Also acquired by the Musée des Avelines in 2011, the Rowing Race on the Seine near Saint-Cloud is a painting by Jean-Louis Petit, purchased by private agreement from Art Valorem in Paris (ill. 2). Known mainly for his series of ports on the English Channel which he illustrates during storms and under twilight skies, Petit also painted between 1845 and 1850 views of Paris and the region, often choosing bridges as a motif, for exemple the one at the Concorde, the Louis XV or here, the Sèvres, seen in the background and underscored by a ray of sun. Emmanuelle Le Bail pointed out a painting by Samuel William Reynolds residing at the Musée de Chantilly which represents the same viewpoint as this one thus confirming, if needed, the geographical location. This oil also reminds us that rowing became popular in the 19th century, taken up by people from all social classes. Boating developed in Paris in the 1830’s and 1840’s ; in fact there was much rivalry between those out for their pleasure and those who considered it a serious sports activity. The first Parisian boating races took place in 1834. Other works, such as Antony Morlon’s Regattas at Asnières (a bit later) evoke these races ; but while Morlon observes the crowds on the banks, Jean-Louis Petit produced above all landscape painting with beautiful lighting.

This canvas rounds out the different views of Saint-Cloud held by the museum, notably a View of Saint-Cloud and the Mont Valérien with the Pont de Sèvres by Sarazin de Belmont. Edouard Dantan offers a winter scene of his city in a painting acquired last year, since then complemented with a Self-Portrait (ill. 3) which had remained until now in the artist’s family, along with the other three self-portraits we have of his : one of them, produced three years later, is in fact very similar to the one at Avelines and shows the artist’s evolution, imparting more life and force into the painting without however changing the composition.
The son of Dantan the elder, a nephew of Jean-Pierre, Edouard Dantan came from a family of sculptors in Saint-Cloud, all well represented in the museum. And although he preferred painting, he included sculptures in his canvases with considerable success. A student of Isidore Pils then of Henri Lehmann at the Ecole des Beaux-Arts, he painted mural decorations, genre scenes and was also an illustrator. Dantan painted religious subjects until 1878, including The Annunciation to the Shepherds and The Vocation of the Apostles Peter and Andrew (a deposit from the Hôpital de Saint-Cloud [1]), residing at the Musée des Avelines which also owns - besides two views of Saint-Cloud - a pastel depicting hollyhocks, a technique often employed by the artist. But Dantan was also a talented and prolific portraitist, in search of spontaneity and this self-portrait reveals another aspect of his talented production.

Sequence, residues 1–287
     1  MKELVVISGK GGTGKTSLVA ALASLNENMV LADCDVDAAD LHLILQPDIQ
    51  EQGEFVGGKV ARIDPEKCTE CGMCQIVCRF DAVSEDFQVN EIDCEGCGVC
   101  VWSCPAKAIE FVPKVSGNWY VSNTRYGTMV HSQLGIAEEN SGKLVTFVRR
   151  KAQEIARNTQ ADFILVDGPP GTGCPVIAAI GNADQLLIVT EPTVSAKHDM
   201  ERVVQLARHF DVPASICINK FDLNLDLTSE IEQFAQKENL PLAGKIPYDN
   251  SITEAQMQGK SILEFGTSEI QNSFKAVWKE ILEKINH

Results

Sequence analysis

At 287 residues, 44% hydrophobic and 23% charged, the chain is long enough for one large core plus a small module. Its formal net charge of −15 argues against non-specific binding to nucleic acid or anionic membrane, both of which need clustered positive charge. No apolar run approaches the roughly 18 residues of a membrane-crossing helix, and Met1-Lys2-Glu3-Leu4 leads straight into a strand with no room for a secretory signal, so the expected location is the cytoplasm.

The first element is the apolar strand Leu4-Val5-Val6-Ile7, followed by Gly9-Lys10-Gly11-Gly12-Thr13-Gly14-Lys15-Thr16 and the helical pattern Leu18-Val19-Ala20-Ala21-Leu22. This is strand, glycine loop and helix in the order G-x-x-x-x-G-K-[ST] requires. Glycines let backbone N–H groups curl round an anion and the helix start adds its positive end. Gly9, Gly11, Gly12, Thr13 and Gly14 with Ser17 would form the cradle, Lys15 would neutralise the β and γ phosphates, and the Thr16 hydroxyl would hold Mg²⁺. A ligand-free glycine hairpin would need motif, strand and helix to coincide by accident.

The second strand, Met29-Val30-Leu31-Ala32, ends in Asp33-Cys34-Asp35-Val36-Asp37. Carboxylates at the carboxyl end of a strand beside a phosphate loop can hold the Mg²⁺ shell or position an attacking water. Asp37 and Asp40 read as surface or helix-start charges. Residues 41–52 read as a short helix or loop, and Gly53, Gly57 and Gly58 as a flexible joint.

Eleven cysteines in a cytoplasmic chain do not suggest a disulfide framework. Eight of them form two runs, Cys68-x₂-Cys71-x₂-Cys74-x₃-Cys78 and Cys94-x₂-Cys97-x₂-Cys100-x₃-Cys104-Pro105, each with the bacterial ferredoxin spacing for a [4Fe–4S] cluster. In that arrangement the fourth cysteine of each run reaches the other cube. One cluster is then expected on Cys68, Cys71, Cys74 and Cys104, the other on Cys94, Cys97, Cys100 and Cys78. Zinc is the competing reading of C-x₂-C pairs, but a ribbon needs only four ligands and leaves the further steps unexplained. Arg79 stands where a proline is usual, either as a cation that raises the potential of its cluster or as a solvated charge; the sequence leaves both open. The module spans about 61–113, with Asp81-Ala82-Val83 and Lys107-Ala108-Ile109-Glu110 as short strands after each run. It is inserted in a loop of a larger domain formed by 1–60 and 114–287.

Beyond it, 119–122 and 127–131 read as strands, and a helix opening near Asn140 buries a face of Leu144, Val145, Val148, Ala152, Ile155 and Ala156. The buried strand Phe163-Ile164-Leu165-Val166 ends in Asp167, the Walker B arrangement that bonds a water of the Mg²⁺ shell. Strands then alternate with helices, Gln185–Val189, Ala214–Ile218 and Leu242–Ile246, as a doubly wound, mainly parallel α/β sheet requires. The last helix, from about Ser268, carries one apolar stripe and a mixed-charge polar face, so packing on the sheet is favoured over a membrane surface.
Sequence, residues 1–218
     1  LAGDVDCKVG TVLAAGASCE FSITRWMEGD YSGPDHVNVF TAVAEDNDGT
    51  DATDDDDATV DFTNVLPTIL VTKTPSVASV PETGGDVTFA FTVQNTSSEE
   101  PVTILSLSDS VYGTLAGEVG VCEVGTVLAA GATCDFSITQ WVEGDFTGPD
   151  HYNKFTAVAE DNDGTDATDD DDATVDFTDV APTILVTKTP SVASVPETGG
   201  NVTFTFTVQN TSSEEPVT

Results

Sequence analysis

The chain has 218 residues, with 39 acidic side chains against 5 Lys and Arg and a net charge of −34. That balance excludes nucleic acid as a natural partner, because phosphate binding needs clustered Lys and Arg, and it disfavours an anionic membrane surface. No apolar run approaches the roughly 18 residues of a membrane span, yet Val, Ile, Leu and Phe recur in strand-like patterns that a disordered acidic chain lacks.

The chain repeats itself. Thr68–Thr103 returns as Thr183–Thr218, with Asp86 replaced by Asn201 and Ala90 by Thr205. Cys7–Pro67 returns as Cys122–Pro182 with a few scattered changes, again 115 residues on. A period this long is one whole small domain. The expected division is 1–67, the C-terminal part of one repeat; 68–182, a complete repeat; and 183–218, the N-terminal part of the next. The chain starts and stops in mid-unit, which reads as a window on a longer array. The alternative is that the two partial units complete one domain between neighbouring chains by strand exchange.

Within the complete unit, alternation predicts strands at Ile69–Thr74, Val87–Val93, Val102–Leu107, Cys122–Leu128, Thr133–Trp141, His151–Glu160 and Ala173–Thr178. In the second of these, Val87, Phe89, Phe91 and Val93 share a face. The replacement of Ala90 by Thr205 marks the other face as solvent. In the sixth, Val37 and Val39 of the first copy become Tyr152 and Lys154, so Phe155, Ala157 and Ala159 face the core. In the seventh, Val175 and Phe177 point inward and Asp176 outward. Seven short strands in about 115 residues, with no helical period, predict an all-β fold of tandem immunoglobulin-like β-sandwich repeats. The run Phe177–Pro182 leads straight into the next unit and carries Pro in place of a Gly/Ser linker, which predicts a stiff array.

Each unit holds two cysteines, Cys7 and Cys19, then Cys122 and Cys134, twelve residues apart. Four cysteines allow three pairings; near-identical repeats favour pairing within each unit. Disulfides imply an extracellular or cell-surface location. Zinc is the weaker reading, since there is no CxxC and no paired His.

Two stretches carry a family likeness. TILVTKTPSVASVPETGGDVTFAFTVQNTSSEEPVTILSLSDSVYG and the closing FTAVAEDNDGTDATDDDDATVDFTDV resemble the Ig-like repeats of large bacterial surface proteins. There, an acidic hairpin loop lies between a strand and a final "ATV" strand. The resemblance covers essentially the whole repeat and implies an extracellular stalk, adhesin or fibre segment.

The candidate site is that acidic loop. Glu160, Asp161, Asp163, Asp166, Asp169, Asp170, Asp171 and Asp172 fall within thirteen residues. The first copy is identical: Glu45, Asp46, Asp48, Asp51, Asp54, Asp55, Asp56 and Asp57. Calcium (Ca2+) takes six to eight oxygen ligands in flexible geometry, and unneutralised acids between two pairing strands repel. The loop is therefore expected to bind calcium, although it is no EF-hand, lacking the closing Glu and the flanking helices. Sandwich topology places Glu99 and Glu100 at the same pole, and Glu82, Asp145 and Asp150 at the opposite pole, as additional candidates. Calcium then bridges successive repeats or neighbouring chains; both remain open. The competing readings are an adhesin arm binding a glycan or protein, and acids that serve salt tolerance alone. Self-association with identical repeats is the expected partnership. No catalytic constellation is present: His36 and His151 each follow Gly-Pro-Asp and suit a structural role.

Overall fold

4. Gaston La Touche (1854-1913)
The Lovers, 1893
Pastel - 80 x 48 cm
Saint-Cloud, Musée des Avelines
Photo : Musée des Avelines

Also a native of Saint-Cloud, and who by the way knew Dantan, Gaston La Touche was familiar with the neighborhood of the Nouvelle Athène in Paris, becoming friends with Edouard Manet and Félix Bracquemond, whose influence helped to lighten his palette and made his painting less realist, turning to subjects treating "fêtes galantes", inspired by Watteau, Boucher and the French 18th century in general. Puvis de Chavannes also impacted the painter’s work in a significant way. In 2012 the museum acquired a luminous pastel entitled The Lovers (ill. 4) in which this stylistic transition is obvious, a purchase from the Etienne Bréton gallery. Possibly a preparatory study for a painting held in a private collection in Madrid, the work shows a couple embracing, with the light blending together in colors which are warm and autumn-like, also found in The Lovers and the Swans. Perhaps an illicit love, as suggested by the attitude of the woman who seems to be resisting the man’s advances and turns away. The atmosphere of the Madrid work is very different : more precise, it shows the lovers to one side, framed in a well-defined though vaporous natural setting with a softer and more realistic lighting.
The Musée des Avelines devotes an entire exhibition space to La Touche, from Miraculous Fishing to the watercolor portrait of Joseph Cirasse and is currently preparing a retrospective of his work which should open in 2014. Finally, we would like to point out that Saint-Cloud City Hall holds several décors designed by the artist.

Version française

Bénédicte Bonnet Saint-Georges, lundi 13 août 2012


[1] The Hôpital de Saint-Cloud is currently undergoing construction work ; while the 18th century buildings by Richard Mique surrounding the chapel disappeared long ago, the one replacing them in the 19th century to the left of the façade, of beautiful quality, has just been foolishly destroyed.